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Sharing our results
As an organisation we are keen to share our experience and findings from our research in order to help promote best practice nationally. Please email us or call 0118 931 0143 if you would like to know more.
Kingwood is committed to research in pursuit of better ways to support people with autism and Asperger's to achieve what they want from their lives. We call this Action Research and it's structured around discovering what actually works in helping the people we support accomplish their goals.
Together with assistance from the people we support, we aim to generate and capture learning on new ways of doing things and to share this information with others who have a professional interest in autism. Where no evidence exists, we endeavour to undertake research to discover what’s right. Our intention is to go on breaking new ground, to build on our experience and learning so far and to continue to strive for excellence in everything we do.
Right now our research programme is primarily focused on two key areas:
The early outputs from this research are already being put to valuable use across the services we provide, such as by using the knowledge gained to date in the planning and modification of the properties in which the people we support live.
Since 2009 Kingwood has organised a series of lectures concerning research and practice, delivered by some of the UK’s leading researchers and practitioners in the field of autism. Lectures are delivered in the autumn and winter and are intended for families, professionals, service commissioners and interested members of the public. Entry is free and everyone is welcome to attend. For more information about our next lecture please go to the Kingwood Lecture Series page.
In addition Kingwood supports Autistica, a charity which raises funds for medical research into the causes of autism. Both Kingwood and Autistica are committed to improving quality of life through increased knowledge and better understanding of a condition which affects more than half a million people in the UK today.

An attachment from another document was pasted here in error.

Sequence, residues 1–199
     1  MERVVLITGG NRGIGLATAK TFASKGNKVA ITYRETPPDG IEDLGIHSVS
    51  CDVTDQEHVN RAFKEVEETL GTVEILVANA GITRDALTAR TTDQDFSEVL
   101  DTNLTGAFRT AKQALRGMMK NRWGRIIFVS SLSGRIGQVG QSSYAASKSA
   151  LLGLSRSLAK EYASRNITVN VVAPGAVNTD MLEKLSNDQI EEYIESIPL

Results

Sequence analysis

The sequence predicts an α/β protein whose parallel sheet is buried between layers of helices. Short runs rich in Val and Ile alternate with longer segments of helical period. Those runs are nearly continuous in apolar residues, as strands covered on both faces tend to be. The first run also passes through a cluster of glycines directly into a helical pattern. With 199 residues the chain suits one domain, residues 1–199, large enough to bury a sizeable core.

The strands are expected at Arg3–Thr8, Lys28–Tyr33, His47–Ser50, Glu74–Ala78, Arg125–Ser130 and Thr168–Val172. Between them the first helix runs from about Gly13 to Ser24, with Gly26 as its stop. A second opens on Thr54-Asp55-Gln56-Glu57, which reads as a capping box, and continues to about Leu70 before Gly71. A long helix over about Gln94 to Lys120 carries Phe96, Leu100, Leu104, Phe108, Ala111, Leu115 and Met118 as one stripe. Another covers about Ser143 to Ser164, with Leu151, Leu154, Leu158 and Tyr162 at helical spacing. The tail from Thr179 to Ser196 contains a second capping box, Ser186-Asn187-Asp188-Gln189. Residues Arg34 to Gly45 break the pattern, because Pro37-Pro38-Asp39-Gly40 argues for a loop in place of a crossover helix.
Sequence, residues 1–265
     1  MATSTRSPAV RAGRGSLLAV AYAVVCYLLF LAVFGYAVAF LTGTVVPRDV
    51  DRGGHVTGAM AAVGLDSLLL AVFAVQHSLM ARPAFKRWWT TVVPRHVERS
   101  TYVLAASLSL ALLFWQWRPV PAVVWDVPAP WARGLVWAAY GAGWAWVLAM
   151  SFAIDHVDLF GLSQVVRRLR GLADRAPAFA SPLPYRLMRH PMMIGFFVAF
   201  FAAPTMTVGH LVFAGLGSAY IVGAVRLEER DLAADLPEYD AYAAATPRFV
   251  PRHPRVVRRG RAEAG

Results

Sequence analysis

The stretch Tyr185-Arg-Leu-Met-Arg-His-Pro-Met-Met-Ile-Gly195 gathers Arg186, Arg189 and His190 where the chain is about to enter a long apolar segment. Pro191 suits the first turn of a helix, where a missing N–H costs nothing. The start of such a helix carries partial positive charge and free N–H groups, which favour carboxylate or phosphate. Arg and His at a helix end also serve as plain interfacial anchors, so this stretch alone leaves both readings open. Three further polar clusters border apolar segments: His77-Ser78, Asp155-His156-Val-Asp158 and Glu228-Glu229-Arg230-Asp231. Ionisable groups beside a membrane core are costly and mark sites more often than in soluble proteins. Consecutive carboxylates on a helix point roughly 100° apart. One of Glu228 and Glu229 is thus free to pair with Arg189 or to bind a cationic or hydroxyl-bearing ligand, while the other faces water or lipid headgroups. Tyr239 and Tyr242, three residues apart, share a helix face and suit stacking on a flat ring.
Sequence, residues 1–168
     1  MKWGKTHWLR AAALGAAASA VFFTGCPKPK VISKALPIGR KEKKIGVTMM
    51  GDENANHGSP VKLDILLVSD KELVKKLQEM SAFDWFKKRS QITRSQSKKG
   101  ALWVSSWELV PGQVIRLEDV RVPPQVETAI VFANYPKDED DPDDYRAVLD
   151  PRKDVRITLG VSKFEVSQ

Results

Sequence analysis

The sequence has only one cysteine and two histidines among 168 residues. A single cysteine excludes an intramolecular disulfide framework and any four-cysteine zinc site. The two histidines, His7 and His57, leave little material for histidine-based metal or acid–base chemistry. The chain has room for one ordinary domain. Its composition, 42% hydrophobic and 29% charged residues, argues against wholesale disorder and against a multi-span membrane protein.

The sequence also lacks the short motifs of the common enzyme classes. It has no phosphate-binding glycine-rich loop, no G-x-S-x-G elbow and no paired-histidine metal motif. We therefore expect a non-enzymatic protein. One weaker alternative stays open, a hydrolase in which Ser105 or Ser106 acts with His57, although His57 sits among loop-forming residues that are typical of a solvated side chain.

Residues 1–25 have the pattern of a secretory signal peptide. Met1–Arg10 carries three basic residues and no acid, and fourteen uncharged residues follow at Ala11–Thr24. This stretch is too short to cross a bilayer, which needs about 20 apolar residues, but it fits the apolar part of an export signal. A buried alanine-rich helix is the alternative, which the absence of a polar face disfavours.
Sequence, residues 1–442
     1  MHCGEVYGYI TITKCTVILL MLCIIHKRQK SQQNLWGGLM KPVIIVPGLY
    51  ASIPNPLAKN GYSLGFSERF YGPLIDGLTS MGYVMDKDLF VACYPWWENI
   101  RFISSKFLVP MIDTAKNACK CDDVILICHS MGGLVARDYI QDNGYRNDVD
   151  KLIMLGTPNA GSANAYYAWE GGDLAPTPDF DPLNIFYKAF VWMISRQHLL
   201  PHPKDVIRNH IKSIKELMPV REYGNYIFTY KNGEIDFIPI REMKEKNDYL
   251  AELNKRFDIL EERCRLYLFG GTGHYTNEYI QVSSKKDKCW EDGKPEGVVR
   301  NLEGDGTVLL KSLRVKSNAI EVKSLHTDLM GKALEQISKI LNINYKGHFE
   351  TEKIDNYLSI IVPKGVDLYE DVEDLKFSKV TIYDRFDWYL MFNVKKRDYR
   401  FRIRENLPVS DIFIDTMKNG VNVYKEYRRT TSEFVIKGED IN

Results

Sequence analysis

Please take a look at the documents below for further information about Kingwood research.
Towards best practice in supporting people with Aspergers syndrome - A guide to principles and practice from The Kingwood Trust
During the last ten years there has been an explosion of national interest in the range of conditions known as autism spectrum disorders (ASD) exemplified by the passing of legislation for a specific condition for the first time in the UK with the Autism Act 2009. National strategies have been written in England, Wales and Scotland and advice on good practice prepared. The National Institute of Clinical Excellence (NICE) published clinical guidelines for children with autism in 2011 and will publish guidelines for adults with autism in 2012. Asperger syndrome (AS) is an autism spectrum disorder and thus falls within the scope of all these initiatives.
However in searching for guidance to support change in practice at Kingwood it was found that:
• Specific research evidence of effectiveness of initiatives and interventions in adults with Asperger syndrome is weak.
• Publications mainly concern themselves with issues facing the whole autism spectrum. Kingwood feels that a dedicated focus on Asperger syndrome is needed to ensure this group does not get lost in the overall consideration of ASD and to ensure its specific needs are addressed.